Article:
A recent article in the Penn State newspaper disturbed me greatly. Surveys are indicating that students would rather go for a bigger paycheck over happiness, in order to deal with debts. It is one thing to seek a bigger paycheck over happiness but what these young students don’t realize is that dissatisfaction with your job easily leads you to excessive debt.
When people don’t like their jobs they tend to treat themselves more with fancy toys, new shoes, or luxury trips to reenergize themselves. More self-medicating expenses lead to a lower quality of life if the job does not come with a seven figure paycheck.
Student loans take years to pay back but the reality of remaining in a job that brings you no satisfaction and joy are unrealistic. Sooner or latter many people learn that slaving away at a job you hate just to pay the bills is not a good way to spend the life you’ve got.
Michael Berkowitz is paving his own road to finding the perfect job: sacrifice happiness for a high salary.
Berkowitz (junior-marketing management) said he is motivated by money, and to him, satisfaction isn’t the most important aspect of a job.
Berkowitz said he has plans of becoming a lawyer and hopes to own his own law firm. He said being his own boss and making a huge salary would keep him happy, regardless of the job.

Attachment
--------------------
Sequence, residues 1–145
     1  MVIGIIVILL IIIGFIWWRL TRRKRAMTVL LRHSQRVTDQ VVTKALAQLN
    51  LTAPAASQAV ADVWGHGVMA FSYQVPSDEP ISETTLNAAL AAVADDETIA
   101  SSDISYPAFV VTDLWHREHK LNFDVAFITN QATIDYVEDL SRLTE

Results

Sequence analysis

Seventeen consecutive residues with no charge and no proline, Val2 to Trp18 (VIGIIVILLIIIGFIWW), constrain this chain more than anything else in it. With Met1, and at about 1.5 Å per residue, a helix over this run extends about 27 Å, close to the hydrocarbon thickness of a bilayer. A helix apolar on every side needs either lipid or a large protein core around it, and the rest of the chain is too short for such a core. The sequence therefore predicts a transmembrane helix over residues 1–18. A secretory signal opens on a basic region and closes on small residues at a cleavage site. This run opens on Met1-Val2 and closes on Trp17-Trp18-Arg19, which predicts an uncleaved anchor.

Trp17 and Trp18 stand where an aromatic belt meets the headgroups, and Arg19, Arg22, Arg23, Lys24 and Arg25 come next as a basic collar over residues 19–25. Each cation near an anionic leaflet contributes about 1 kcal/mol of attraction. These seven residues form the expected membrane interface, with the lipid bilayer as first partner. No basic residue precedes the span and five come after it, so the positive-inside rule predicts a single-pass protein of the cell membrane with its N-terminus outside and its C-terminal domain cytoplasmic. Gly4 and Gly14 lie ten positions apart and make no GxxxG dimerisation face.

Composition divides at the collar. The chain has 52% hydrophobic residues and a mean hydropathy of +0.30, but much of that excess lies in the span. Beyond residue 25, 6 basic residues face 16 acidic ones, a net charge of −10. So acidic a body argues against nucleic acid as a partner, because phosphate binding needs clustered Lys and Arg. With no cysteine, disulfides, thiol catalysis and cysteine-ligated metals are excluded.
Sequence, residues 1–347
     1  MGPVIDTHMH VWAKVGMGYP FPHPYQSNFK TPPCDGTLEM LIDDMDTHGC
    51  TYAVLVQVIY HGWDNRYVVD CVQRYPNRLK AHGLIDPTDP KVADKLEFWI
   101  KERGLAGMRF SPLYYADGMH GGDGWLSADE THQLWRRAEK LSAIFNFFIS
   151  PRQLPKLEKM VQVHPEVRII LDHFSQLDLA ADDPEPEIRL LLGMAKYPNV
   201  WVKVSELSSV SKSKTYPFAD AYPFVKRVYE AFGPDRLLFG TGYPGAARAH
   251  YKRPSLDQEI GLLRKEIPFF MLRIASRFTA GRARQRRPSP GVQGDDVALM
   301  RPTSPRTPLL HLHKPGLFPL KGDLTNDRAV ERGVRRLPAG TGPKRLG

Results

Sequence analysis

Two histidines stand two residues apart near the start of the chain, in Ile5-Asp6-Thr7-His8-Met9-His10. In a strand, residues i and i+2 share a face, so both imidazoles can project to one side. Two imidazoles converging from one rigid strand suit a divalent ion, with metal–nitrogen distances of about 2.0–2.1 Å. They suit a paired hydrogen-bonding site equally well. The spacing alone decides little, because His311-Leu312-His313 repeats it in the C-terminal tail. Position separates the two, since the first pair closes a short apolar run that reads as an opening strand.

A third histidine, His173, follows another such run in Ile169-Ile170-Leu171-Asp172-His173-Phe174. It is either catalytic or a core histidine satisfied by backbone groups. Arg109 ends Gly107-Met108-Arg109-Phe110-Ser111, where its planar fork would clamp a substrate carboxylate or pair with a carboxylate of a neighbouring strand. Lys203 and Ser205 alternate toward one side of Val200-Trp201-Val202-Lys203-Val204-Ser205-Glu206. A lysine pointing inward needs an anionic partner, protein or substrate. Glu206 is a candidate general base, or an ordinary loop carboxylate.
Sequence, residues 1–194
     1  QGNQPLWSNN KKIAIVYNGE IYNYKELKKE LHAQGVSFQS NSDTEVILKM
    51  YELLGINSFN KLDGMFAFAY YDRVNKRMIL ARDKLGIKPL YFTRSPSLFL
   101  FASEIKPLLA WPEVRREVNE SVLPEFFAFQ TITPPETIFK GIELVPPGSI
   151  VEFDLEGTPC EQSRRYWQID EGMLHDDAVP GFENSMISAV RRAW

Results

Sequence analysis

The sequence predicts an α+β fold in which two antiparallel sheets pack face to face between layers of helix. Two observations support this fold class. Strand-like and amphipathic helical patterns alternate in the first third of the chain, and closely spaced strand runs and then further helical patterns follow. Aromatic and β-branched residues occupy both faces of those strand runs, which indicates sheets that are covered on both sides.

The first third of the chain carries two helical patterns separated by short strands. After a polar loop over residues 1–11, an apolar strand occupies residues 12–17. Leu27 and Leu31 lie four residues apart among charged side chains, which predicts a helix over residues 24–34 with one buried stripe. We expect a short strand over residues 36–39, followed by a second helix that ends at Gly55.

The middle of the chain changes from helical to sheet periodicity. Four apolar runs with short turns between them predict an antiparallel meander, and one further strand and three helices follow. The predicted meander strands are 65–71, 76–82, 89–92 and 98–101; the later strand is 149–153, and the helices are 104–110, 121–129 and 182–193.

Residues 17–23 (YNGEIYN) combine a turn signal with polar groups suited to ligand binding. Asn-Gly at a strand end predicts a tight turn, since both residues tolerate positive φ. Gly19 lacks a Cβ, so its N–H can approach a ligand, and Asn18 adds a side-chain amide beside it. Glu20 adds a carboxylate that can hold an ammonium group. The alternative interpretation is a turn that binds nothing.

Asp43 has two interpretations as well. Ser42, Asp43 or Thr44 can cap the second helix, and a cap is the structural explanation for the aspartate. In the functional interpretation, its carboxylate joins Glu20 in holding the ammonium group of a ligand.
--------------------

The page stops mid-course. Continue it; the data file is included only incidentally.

Berkowitz isn’t alone. A study released last month by Experience, Inc., a Boston-based career services company, shows about 50 percent of students are dealing with school loans by seeking careers that offer large paychecks but maybe not pleasurable jobs.
“In order to be successful in this world, you have to make money,” Berkowitz said. “Money characterizes the most powerful people in the world. Look at Donald Trump.”
The study showed that 50 percent of students would accept jobs for money over self-fulfillment. Student loans influenced 27 percent of students to choose their career path based on post college debt, according to the study.
“In our society, a lot of people are motivated by money,” Rayman said. “Students are predisposed to look for a career where they can make more money to pay loans off faster.”
Rayman said jobs like banking and consulting, which are associated with luxurious lifestyles, are influential to students seeking money. He said engineering and technical jobs are in demand and have a strong influence because of the higher starting salaries.
Dennis Chow (senior-business management) said he is not exactly sure what he wants to do after graduation, but said students mess up by going for nice cars and plasma TVs right after graduation instead of handling their post college debt.
“Don’t engage in unnecessary spending,” Chow said. “Give up the fun time for now and do it later.”
Chow also said he is scared of the current financial crisis and isn’t sure what the real world has to offer. Because “loans are a big thing,” he said he would accept a higher paying job he didn’t enjoy to get out of debt.
“I’d be willing to put up with a short-term job I disliked to pay off my college debt,” he said.
“Most of my day is going to be at this job,” he said. “So I don’t want to be there if its long term.”
Source: The Daily Collegian